Psychology 220:

The History of Psychology

Dr. Dean Keith Simonton, Distinguished Professor of Psychology

Course Goals: We will examine the history of psychology from two perspectives, namely, theory and application.  The core question from the theoretical perspective is the extent to which the key figures and events in the history of the field can be explicated in terms of empirical findings in the metasciences, with special emphasis on the psychology of science.  The central issue from the applied perspective is the degree that the history of psychology can provide guidance for (a) evaluating the scientific status of contemporary psychology and (b) helping researchers make high-impact contributions to some subdiscipline of psychological science.
 

Prerequisite: Graduate standing or consent of instructor.
 

The Details

Grading

Textbooks

Topics
 

GRADING
 

Your grade will be based on the following:

I. Overall class participation (10%)

II. Three brief class presentations with discussion:

A. On a high-impact article or book in psychology based on a chapter chosen from The Anatomy of Impact (20%):
Date: 1/26/2011 For guidelines and options, go here
B. On a influential psychologist in the field based on a chapter chosen from Psychologists Defying the Crowd (20%):
Date: 2/16/2011 For guidelines and options, go here
C. On the subject of the term paper, as described below (20%)
Date: 3/09/2011
III. Term paper in which a major figure in psychological science is analyzed in terms of the profile of the typical great psychologist, using Great Psychologists as the primary framework (30%) This paper should consist of four parts: (a) an introduction giving basic information about the psychologist and why you selected him or her; (b) a presentation of the ways that your subject fits the profile; (c) a presentation of the ways that your subject does not fit the profile; and (d) a conclusion that gives your best assessment of the subject as a great psychologist. The paper should be no longer than 12 pages (APA style throughout). Although you can pick anybody you want, it will probably make research and writing easier if you select someone who comes up often in the main text. Another possibility is to write about someone who received APA's Distinguished Scientific Contribution Award. For list, go here.
Due: 3/09/2011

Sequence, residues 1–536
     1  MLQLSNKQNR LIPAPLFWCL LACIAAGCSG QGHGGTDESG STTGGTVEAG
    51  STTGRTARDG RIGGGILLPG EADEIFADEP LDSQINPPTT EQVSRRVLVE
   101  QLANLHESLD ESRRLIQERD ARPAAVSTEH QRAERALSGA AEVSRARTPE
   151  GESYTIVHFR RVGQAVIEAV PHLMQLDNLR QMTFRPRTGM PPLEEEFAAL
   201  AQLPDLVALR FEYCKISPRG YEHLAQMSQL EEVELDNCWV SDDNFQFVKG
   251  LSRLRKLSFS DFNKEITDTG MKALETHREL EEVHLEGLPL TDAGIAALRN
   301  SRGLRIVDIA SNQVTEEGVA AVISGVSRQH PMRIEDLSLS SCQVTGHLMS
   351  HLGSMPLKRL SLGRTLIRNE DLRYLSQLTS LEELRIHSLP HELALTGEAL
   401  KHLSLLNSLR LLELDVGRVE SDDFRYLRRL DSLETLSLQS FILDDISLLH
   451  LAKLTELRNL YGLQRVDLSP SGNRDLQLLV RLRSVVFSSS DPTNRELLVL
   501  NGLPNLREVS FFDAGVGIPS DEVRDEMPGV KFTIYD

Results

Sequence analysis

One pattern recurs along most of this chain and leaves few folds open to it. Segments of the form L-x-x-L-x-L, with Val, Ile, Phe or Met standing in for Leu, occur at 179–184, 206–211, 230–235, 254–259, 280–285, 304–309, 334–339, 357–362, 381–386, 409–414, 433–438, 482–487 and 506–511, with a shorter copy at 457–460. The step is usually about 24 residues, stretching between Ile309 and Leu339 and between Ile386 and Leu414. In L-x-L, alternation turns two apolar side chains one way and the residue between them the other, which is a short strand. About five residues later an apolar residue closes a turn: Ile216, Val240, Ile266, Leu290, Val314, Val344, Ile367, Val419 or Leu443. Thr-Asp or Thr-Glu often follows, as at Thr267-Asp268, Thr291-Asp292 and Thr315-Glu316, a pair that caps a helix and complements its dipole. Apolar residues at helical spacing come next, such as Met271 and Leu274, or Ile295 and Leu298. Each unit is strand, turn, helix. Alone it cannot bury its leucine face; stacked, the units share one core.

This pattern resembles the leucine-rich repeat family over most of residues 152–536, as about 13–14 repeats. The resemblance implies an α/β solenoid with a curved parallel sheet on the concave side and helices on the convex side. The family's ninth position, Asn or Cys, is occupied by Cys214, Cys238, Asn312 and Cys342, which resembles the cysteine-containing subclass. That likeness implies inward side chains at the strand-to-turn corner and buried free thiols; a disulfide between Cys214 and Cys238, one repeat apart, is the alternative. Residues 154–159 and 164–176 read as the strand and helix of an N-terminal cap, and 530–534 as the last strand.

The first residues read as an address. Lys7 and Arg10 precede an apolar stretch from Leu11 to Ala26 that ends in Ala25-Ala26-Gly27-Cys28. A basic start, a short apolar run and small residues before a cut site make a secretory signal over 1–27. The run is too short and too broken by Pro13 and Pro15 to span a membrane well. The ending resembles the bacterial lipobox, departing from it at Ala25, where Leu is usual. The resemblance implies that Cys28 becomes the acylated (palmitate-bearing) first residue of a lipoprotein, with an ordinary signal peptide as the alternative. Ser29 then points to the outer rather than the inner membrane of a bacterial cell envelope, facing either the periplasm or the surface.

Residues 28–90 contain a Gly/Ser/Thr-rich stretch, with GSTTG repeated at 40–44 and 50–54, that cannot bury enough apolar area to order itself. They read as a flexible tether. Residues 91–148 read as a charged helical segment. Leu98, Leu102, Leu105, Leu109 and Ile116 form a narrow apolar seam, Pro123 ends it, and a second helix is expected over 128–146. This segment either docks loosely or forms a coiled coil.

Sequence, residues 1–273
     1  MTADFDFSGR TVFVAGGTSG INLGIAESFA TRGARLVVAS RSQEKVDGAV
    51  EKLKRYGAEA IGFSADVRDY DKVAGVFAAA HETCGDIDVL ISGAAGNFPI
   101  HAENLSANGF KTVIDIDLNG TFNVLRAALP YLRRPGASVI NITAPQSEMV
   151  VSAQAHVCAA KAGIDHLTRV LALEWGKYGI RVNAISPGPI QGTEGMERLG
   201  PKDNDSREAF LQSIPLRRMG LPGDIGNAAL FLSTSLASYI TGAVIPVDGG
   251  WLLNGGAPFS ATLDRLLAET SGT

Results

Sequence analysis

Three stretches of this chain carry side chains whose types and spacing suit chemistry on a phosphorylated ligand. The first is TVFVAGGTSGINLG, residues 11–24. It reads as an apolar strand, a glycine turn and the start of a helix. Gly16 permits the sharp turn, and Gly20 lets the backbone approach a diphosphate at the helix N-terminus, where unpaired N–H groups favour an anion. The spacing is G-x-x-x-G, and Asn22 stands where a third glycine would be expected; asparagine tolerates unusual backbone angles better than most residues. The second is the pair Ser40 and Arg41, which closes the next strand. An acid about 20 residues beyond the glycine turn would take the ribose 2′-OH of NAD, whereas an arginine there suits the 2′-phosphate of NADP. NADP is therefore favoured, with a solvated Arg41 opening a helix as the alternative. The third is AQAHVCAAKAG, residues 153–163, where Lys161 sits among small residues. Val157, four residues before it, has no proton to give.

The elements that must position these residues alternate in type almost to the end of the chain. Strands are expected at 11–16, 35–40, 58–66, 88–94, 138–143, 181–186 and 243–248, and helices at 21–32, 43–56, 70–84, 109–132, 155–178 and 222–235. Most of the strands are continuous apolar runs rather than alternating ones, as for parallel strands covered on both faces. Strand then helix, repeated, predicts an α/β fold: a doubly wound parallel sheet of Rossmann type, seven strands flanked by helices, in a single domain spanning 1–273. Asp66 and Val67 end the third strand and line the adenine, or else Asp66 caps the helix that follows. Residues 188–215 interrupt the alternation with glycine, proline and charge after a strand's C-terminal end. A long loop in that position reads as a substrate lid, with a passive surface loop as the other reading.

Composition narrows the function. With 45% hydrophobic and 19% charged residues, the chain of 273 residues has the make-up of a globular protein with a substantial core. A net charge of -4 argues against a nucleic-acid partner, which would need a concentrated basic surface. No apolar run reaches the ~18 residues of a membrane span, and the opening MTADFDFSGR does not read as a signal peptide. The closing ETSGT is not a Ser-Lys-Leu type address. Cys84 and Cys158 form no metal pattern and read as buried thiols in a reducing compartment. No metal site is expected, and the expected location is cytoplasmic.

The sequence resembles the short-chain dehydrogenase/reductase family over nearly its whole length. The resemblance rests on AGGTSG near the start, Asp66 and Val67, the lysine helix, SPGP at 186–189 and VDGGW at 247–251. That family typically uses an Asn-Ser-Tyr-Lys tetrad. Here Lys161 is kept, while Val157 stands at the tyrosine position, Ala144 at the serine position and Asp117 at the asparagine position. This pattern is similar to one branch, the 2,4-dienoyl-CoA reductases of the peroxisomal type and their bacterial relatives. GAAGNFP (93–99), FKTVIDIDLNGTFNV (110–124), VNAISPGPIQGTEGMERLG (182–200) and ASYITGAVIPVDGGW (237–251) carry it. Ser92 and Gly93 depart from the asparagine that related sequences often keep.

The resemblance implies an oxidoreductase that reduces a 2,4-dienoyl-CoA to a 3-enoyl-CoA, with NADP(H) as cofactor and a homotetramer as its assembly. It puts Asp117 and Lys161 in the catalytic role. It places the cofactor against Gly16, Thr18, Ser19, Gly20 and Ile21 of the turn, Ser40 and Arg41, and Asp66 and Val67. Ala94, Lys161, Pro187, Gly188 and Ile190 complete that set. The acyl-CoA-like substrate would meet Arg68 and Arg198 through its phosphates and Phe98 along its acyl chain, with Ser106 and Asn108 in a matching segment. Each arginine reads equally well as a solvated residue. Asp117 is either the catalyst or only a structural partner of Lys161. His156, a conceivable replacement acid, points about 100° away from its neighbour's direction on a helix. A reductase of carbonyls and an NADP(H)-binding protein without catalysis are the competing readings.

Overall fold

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TEXTBOOKS
 

Primary text:
Dean Keith Simonton. Great Psychologists and Their Times: Scientific Insights into Psychology’s History (APA Books, 2002).
Secondary texts:
Robert J. Sternberg (Ed.). Psychologists defying the crowd: Stories of those who battled the establishment and won (APA Books, 2002).

Robert J. Sternberg (Ed.). The anatomy of impact: What has made the great works of psychology great (APA Books, 2003).

Note: You will only need one chapter from each of the secondary texts. So you can just make a photocopy of the chapter. In the case of Sternberg (2002), because the authors each received pdfs of their contributions, you also have the option of emailing them with a request. Sternberg (2002), but not Sternberg (2003), is currently out of print.


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    TOPICS
     

The topics covered will follow closely the organization of the primary text, namely:
 

I. The Scientific History of Psychology

A. Eminence in Psychology
B. History and Science
II. Lifetime Output of Psychologists and Their Impact on the Field
A. Individual Differences in Productivity and Eminence
B. Longitudinal Changes in Creativity
C. The Creative Product in Psychology
III. Personal Characteristics that Contribute to Greatness as a Psychologist
A. Cognition
B. Disposition
C. Worldview
IV. Life-Span Development of Great Psychologists
A. Family Background
B. Career Training
C. Maturity and Aging
D. Nature versus Nurture
V. Sociocultural Context of Psychological Science
A. Internal Milieu
B. External Milieu
C. Genius versus Zeitgeist
VI. Implications for the Field of Psychology
A. Research
B. Teaching
For a more complete synopsis of the above, go here.
For errata to the text, go here.
 

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E-mail: dksimonton@ucdavis.edu

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Last Revised:  December 30, 2010